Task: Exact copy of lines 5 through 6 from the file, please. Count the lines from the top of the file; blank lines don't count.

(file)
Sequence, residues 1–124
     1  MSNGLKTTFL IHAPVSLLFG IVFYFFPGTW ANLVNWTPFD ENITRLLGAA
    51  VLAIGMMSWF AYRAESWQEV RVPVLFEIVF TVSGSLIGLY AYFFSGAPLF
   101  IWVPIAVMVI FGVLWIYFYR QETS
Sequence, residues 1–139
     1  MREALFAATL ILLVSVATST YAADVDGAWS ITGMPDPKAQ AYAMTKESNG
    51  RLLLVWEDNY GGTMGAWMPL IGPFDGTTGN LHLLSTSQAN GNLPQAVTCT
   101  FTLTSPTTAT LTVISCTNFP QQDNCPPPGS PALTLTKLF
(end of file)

Sequence, residues 1–139
     1  MREALFAATL ILLVSVATST YAADVDGAWS ITGMPDPKAQ AYAMTKESNG